My work focuses on the ways that power and inequality shape biology in both ancient and contemporary societies. Merging genetics, epigenetics, ancient DNA, queer and feminist science studies, and indigenous feminisms, I study how the political becomes biological, and how the biological becomes political. Currently, my work falls into four major areas of research, outlined below.
Ancient Urbanism and Sociopolitical Transformation
The rise and decline of urban societies can dramatically impact human biology through processes such as migration, the emergence of social inequalities, and shifts in diet and exposure to trauma. I am interested in how the emergence and deterioration of large urban centers can influence human genetic and epigenetic diversity across class, gender, ethnic, and geopolitical lines.
In previous work (Smith et al. 2015), I developed novel methods for reconstructing cytosine methylation in ancient DNA, a genetic modification that can result from differences in lived experiences. Using these methods, I have showed that the decline of the ancient Wari State in the central Peruvian Andes was associated with significant changes in genomic methylation. These epigenetic differences mirror changes in diet and increases in violence that were associated with sociopolitical transformation in the Wari heartland. This work has provided insights into the interplay of social and biological forces, showing how shifting regimes of power can shape biology over many centuries.
Building on this work, I have launched large-scale, paleogenomic projects at the ancient cities of Teotihuacan and Caracol that will trace how the rise and decline of early urban centers shaped the genetic and epigenetic variation of Mesoamerica.
Settler Colonialism and Indian Removal
The removal of Indigenous peoples and the theft of Indigenous lands are fundamental to the existence of the American settler state. In collaboration with Indigenous community members and research partners, my work focuses on the epigenetic impacts of removal and how historical trauma continues to affect Indigenous peoples today.
There are many historical and ongoing removals of Indigenous peoples from their ancestral homelands in the US. My work focuses on the set of removals that resulted from the Indian Removal Act of 1830, which sanctioned deadly relocations of many indigenous peoples from the southeastern United States to lands west of the Mississippi River, an event that became remembered as the Trail of Tears. In collaboration with indigenous communities in the US South, we have been working with populations east of the Mississippi where some communities have continued to live on or near their original homelands, as well as their close relatives living west of the Mississippi who are descended from the survivors of the Trail of Tears. We have assessed genome-wide methylation patterns in each of these communities to evaluate the epigenetic effects of Indian Removal on indigenous peoples of the American South today.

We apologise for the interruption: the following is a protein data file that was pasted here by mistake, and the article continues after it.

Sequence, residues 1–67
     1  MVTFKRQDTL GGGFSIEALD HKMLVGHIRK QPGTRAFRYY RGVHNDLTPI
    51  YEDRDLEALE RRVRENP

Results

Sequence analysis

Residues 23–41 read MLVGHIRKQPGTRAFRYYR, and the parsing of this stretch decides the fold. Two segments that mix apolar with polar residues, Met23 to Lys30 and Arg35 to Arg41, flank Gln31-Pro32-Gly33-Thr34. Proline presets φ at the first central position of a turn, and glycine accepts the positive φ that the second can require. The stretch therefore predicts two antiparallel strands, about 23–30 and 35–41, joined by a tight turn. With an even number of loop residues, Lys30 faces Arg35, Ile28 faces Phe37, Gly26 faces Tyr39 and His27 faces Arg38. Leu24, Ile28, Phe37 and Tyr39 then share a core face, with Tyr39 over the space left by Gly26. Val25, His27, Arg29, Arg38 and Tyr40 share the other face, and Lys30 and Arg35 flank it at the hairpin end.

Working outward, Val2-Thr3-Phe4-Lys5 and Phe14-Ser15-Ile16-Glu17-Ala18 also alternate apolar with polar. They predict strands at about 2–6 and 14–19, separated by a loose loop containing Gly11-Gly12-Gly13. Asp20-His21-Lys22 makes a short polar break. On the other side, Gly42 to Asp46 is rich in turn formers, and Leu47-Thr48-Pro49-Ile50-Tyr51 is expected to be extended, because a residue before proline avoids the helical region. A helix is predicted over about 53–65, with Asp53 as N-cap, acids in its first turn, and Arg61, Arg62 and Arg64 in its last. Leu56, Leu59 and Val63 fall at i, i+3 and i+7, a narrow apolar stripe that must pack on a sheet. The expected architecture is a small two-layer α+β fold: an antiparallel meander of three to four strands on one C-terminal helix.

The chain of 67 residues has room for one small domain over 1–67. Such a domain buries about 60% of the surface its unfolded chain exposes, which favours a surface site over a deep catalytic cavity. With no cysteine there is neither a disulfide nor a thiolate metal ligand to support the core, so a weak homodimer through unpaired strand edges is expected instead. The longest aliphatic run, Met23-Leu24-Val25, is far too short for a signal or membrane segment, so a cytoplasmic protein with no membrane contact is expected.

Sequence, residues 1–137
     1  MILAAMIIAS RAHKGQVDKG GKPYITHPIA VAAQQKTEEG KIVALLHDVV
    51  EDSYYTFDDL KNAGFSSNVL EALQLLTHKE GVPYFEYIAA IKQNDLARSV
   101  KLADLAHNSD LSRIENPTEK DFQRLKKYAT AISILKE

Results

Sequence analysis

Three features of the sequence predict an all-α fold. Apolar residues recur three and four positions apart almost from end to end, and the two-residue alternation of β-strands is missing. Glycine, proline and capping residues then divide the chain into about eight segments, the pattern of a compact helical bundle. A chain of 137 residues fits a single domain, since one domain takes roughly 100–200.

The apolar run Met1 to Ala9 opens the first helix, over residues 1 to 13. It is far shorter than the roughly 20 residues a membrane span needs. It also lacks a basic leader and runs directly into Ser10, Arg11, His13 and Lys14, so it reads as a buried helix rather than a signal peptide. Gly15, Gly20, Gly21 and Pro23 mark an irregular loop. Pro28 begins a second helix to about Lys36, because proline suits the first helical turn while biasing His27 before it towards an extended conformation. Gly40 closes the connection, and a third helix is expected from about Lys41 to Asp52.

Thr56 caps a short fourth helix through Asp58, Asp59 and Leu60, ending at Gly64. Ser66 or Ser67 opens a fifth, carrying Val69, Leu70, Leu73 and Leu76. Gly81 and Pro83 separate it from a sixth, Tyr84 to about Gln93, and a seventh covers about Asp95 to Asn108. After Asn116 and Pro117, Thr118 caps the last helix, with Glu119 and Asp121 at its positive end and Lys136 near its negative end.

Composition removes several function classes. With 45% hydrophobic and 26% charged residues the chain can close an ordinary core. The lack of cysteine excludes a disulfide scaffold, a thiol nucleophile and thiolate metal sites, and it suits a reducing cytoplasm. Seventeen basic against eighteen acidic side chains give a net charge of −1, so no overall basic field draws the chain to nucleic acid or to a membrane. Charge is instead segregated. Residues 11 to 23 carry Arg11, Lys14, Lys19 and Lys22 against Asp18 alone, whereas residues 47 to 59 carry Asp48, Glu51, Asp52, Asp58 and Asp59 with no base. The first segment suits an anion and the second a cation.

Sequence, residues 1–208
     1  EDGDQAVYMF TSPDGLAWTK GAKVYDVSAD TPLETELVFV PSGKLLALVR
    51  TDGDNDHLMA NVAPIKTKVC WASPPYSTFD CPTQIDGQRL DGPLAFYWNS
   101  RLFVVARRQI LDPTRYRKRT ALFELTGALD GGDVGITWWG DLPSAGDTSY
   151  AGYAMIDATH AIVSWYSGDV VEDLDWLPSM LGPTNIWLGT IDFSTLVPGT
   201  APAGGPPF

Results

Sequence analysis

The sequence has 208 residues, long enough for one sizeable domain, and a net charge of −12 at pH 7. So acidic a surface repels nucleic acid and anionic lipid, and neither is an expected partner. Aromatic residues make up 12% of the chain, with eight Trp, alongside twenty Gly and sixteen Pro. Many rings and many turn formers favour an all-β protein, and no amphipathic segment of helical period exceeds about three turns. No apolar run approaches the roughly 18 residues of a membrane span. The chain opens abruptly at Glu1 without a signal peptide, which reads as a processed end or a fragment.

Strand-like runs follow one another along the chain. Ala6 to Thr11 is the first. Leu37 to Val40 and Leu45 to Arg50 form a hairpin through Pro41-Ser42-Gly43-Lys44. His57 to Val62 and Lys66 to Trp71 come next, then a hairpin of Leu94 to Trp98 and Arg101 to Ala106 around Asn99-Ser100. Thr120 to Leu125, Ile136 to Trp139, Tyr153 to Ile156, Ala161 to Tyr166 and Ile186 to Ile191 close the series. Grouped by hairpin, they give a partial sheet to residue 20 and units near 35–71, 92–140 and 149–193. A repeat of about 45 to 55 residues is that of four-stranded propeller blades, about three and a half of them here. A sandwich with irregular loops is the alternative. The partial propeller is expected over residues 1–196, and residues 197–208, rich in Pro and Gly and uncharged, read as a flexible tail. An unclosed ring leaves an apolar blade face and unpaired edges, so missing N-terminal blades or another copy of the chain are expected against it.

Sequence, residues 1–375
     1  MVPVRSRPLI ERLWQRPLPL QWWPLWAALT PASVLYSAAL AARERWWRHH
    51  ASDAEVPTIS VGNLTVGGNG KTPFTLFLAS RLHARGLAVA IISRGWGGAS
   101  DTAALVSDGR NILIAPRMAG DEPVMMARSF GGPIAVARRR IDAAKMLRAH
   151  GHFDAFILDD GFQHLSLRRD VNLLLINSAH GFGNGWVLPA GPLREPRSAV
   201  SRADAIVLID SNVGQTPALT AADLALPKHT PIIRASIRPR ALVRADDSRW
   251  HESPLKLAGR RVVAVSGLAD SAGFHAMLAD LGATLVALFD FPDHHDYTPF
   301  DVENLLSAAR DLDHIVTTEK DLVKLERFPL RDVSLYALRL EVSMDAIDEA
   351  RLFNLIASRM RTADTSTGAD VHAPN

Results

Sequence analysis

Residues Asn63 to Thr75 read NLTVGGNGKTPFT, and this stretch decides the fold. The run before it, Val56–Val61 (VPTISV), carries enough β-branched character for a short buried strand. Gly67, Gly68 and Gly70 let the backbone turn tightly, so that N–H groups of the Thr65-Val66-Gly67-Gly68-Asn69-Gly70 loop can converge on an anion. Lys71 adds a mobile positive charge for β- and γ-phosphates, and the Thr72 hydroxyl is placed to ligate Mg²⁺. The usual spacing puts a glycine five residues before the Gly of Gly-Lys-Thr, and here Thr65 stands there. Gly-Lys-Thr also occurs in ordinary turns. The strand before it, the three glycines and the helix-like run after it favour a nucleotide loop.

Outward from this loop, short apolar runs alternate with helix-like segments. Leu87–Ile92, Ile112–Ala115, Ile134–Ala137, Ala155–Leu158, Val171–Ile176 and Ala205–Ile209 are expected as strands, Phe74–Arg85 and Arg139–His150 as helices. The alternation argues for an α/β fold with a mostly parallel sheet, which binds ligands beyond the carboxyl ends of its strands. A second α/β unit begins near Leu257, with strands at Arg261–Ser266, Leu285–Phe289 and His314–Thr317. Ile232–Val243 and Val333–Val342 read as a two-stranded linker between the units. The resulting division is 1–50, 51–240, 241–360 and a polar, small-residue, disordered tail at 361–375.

This research is in very early stages, and is broadly concerned with the ways that cotton agroindustrialism has reshaped human and non-human genomes through shifting racial contexts of exploitative labor in the American South. Ranging from slave labor, to tenant farming and sharecropping of the early 20th century, to the migrant laborers of today, cotton farming has had different levels of impact on a variety of communities that may have contributed to biological disparities that we see today.
In this project, I will reconstruct the epigenetic effects of exploitative labor practices across the cotton belt of the American South, especially Texas, which remains one of the world's primary cotton producers. In addition to understanding how these practices may have reshaped the genomes of people, this project also seeks to understand the more-than-human aspects of cotton agroindustrialism, and looks at how the cotton genome itself has also been remade by genetic modification. In doing so, this project seeks to understand the ways that colonialism has been simultaneously scripted onto the human and more-than-human world.
In "Otherworldly Conversations; Terran Topics; Local Terms", Donna Haraway asks "when were love and knowledge not co-constitutive?" Heteronormativity has given us the academy as we know it, where the male/female divide has informed the division of mind from body, nature from culture, and science from the humanities, among others. However, queer people have rarely taken the existence of these binaries as a given. My work highlights how the embodied knowledges of queer scientists are shifting the landscape of science and the lab.